• “Presence does not always equal visibility, and that can seem unfair. But, Christ isn’t really concerned about fairness” is what you wrote. I’m glad to know you actually believe He does care about fairness, and expects us to work toward it, rather than explaining it away or simply accepting it as being OK, as I feel you did in this sentence: ‘We labor differently in His kingdom, with some being more present than others. Like Paul illustrates when speaking of the body of Christ, we all have need of each other, whether we are visible or not.” Visibility is important. It is. And women are. not. visible. in the Book of Mormon. So what do we learn from that? I think the best we can do for our young women when it comes to teaching the Book of Mormon, is to simply show them the few examples of women acting – rather than being acted upon – like Lamoni’s Queen and Abish. And reminding them that the cultures we study there are not good models for us today – they were rarely stable, often consumed by violence, and ultimately died out. I think the absence of visible women in the narrative may explain a lot of that. In fact, the few times we hear about a group doing really well in the BofM, it is always mentioned that there was great equality in that city. I think that’s a pretty good lesson about hierarchal vs equality based cultures.

  3. I think you’ll find that we fundamentally agree on this. Yes, visibility is important; I think that’s one of the major points here. It’s our responsibility to work toward greater visibility, both in uncovering the past and rethinking our roles now. Inequality, unfairness, and invisibility exists. And it sucks. And God doesn’t always intervene to resolve it; that’s left to us (however awkwardly I worded it above). Thanks again for sharing your perspective.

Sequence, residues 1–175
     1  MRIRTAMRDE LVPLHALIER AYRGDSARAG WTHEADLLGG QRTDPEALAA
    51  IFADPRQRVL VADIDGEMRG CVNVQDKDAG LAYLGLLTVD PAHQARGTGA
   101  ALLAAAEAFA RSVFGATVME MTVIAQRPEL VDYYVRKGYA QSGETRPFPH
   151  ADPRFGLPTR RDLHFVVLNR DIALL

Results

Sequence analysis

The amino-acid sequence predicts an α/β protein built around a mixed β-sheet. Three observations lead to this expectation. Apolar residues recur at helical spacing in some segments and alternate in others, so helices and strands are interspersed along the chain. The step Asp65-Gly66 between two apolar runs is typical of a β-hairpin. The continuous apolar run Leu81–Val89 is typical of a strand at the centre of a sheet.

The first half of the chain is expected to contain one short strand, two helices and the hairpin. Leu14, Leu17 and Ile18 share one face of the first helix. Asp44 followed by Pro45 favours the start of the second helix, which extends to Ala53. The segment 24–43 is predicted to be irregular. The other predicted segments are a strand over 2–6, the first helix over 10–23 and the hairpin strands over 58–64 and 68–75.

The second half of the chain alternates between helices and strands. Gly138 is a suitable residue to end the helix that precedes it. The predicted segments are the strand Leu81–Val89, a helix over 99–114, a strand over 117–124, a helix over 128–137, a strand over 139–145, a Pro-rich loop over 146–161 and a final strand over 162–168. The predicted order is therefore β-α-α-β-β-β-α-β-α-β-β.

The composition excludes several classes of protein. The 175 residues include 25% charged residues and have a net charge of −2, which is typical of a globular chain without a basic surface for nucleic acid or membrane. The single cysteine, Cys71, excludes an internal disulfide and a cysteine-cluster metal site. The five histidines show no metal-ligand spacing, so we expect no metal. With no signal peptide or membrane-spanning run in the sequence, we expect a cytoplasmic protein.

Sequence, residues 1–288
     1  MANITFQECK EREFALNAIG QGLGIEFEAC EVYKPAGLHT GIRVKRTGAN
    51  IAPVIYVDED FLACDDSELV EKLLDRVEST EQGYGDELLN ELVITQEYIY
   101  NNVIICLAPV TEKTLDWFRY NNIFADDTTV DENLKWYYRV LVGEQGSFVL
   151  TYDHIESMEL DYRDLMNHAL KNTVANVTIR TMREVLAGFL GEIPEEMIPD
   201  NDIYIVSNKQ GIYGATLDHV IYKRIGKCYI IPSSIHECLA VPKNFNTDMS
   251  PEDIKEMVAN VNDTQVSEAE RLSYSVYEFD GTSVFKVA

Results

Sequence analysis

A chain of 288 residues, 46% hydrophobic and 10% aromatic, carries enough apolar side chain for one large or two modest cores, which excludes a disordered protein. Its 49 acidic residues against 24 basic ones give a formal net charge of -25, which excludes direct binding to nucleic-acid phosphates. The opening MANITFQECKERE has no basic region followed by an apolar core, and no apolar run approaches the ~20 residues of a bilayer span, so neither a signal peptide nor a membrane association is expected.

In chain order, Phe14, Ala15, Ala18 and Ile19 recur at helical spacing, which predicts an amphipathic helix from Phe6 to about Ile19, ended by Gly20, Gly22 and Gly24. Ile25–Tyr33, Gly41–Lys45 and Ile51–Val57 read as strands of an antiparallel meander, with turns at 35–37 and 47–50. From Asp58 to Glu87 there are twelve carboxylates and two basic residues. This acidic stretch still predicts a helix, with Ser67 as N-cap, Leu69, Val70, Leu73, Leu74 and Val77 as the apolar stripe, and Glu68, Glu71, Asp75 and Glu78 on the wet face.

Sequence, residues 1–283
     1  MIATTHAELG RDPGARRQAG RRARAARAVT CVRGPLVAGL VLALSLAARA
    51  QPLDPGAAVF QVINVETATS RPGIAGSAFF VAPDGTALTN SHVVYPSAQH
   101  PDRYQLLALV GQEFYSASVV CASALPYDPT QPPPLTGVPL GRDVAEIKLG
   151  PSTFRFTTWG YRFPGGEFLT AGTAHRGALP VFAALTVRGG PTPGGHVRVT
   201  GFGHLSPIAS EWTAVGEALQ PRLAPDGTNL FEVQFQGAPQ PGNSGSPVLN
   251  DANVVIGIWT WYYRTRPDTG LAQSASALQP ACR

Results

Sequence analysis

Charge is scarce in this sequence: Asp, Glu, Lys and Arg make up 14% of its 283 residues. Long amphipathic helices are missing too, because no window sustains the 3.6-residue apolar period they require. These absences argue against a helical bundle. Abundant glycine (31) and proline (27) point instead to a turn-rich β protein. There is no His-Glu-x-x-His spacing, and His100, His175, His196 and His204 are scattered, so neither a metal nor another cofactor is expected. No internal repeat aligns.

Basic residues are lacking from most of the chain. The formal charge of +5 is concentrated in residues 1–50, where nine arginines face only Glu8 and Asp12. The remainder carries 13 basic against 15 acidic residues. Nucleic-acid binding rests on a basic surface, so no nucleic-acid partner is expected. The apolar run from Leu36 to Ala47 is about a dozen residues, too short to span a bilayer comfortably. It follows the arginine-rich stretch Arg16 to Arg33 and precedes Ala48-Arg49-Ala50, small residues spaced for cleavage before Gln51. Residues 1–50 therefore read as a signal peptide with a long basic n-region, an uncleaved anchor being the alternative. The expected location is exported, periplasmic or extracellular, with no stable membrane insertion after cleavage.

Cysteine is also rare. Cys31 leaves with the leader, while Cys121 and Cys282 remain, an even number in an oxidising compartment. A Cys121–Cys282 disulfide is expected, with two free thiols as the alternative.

4. I have a friend who was a missionary in a poverty stricken area in South America. She, herself, came from a well-to-do home, as her Father was a physician. One day, when she was particularly upset about all of the poverty she saw before her she pleaded with her Father in Heaven, asking Him — why do these people have so little and I have so much? This isn’t fair! In her head, she herd the following, “I never said that this world would be fair, but the next one will be!”

    When I think about that experience, I wonder if the reason why things are not “fair” here in this life – in so many ways and for so many reasons, is that the Lord is truly trying to tailor make, for each of us, the best way for us to grow and be refined, and perhaps also for others to see needs and try to meet them. Regardless, I’m glad to know — as she was — that the next life WILL be fair — both for the rich and the poor, but also for women and men.

  5. Thank you for the work you’re doing on this subject. May I suggest that nothing will ever change for the better unless we also teach our BOYS and young men, as well as our girls and young women, about these ‘present’ women in the Book of Mormon and in the church. Let’s not limit the impact of your research and blogging by keeping it only for girls. Boys need to be exposed to strong women role models too–women who are strong irrespective of the men around them. If boys aren’t taught this as well, the invisibility of women will sadly remain.

Leave a Reply

Fill in your details below or click an icon to log in:

WordPress.com Logo

You are commenting using your WordPress.com account. Log Out / Change )

Twitter picture

You are commenting using your Twitter account. Log Out / Change )

Facebook photo

You are commenting using your Facebook account. Log Out / Change )

Google+ photo

You are commenting using your Google+ account. Log Out / Change )

Connecting to %s